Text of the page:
- Department of Commerce
- Department of Energy
- Department of Interior
- Department of Labor
- Department of Treasury
- Export-Import Bank of the United States
- Internal Revenue Service
- Patent and Trademark Office
- Printing Office, Superintendent of Documents
- Securities and Exchange Commission
- Small Business Administration
- SBA Small Business Development Centers
State Commerce Departments
District of Columbia, (202) 727-6365, fax: (202) 727-6703
Ohio, (614) 644-8748, fax: (614) 466-0829
South Carolina., (803) 252-8806, fax: (803) 252-0455
- Business Plan Pro from Palo Alto Software
- BizPlanBuilder Interactive from Jian Software
- Ultimate Business Planner from Atlas Business Solutions
- Business Plans Made Easy by Mark Henricks. This comprehensive guide shows you step-by-step how to create and use different kinds of targeted business plans for obtaining startup or extension capital, attracting top employees, finding partners, monitoring your business's performance and much, much more.
- Start Your Own Business by Rieva Lesonsky. Whether you're just thinking about starting a business, have taken the first few steps, or already have your own business, this comprehensive, easy-to-understand guide can help ensure your success. It walks you through every aspect of the startup process-from evaluating your business ideas to laying the groundwork to day-to-day operations.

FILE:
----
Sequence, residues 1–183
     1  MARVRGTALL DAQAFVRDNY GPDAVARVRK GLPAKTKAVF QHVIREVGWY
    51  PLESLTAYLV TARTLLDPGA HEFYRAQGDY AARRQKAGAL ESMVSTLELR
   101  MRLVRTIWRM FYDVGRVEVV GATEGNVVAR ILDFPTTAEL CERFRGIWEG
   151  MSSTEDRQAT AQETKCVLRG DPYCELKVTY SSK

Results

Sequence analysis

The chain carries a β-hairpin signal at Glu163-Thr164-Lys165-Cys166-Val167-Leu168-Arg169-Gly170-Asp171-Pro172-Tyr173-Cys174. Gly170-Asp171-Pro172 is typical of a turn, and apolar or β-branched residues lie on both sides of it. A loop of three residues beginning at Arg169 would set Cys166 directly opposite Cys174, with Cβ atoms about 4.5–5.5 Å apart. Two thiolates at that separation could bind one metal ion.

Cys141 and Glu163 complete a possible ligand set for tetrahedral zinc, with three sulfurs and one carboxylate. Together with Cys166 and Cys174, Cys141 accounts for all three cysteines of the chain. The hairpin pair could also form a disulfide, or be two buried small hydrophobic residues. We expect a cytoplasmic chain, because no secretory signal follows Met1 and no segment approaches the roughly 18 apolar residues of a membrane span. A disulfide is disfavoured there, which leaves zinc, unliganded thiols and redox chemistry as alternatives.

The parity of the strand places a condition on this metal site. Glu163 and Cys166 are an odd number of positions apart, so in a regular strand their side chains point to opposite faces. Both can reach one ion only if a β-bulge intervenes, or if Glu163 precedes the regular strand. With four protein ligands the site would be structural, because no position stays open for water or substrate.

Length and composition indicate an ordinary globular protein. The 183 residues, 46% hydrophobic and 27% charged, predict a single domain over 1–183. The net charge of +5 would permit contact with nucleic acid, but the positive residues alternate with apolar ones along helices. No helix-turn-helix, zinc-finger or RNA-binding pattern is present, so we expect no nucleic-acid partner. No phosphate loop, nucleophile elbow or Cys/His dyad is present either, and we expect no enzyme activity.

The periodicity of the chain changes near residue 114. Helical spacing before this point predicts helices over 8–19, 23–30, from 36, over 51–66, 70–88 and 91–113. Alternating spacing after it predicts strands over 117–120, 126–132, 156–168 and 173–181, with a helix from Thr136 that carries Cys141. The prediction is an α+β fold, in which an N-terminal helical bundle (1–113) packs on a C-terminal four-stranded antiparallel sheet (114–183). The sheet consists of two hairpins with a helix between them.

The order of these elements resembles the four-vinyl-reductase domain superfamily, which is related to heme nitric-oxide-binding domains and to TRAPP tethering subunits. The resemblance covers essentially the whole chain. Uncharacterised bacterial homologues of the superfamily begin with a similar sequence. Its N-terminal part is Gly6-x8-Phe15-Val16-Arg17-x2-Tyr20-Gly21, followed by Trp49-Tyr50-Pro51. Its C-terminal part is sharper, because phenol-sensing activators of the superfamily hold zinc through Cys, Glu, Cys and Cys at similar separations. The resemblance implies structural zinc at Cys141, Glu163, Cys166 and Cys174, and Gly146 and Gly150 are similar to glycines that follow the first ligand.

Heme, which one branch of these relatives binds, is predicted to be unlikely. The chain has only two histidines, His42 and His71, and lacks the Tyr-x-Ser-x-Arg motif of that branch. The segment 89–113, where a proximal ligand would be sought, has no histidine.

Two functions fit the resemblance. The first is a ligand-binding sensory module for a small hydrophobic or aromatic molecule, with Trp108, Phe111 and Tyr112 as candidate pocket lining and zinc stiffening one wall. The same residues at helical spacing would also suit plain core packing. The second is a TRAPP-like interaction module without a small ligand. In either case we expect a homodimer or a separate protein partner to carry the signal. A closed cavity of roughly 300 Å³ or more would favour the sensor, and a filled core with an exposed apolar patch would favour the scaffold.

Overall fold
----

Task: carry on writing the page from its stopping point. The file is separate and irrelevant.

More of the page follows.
- Dictionary of Business Terms. This compact dictionary is a cure for jargon overexposure. It provides concise definitions of business terms from "abandonment" to "zoning ordinance." Appendices explain common business acronyms, provide tables of compounded interest rate factors and more. It's the kind of book you'll turn to again and again.
- Encyclopedia of Entrepreneurs by Anthony and Diane Hallett. This reference guide profiles the lives and enterprises of hundreds of famous entrepreneurs, from Mary Kay Ash of Mary Kay Cosmetics to Eastman Kodak's George Eastman. The stories are inspiring and provide a rich trove of real-life business strategies that worked.
- Guerrilla Marketing by Jay Conrad Levinson. The most recent release of this marketing classic provides updated marketing techniques for those with little cash but high hopes. Levinson's insistence on the central role of planning, and his simple but effective explanations of how to do it, will serve business planners well.
- Guts & Borrowed Money by Tom Gillis. This practical guide is organized like an encyclopedia so you can quickly and easily look up detailed explanations of everything from arbitration to vision statements.
Source:The Small Business Encyclopedia, Business Plans Made Easy, Start Your Own Business and Entrepreneur magazine.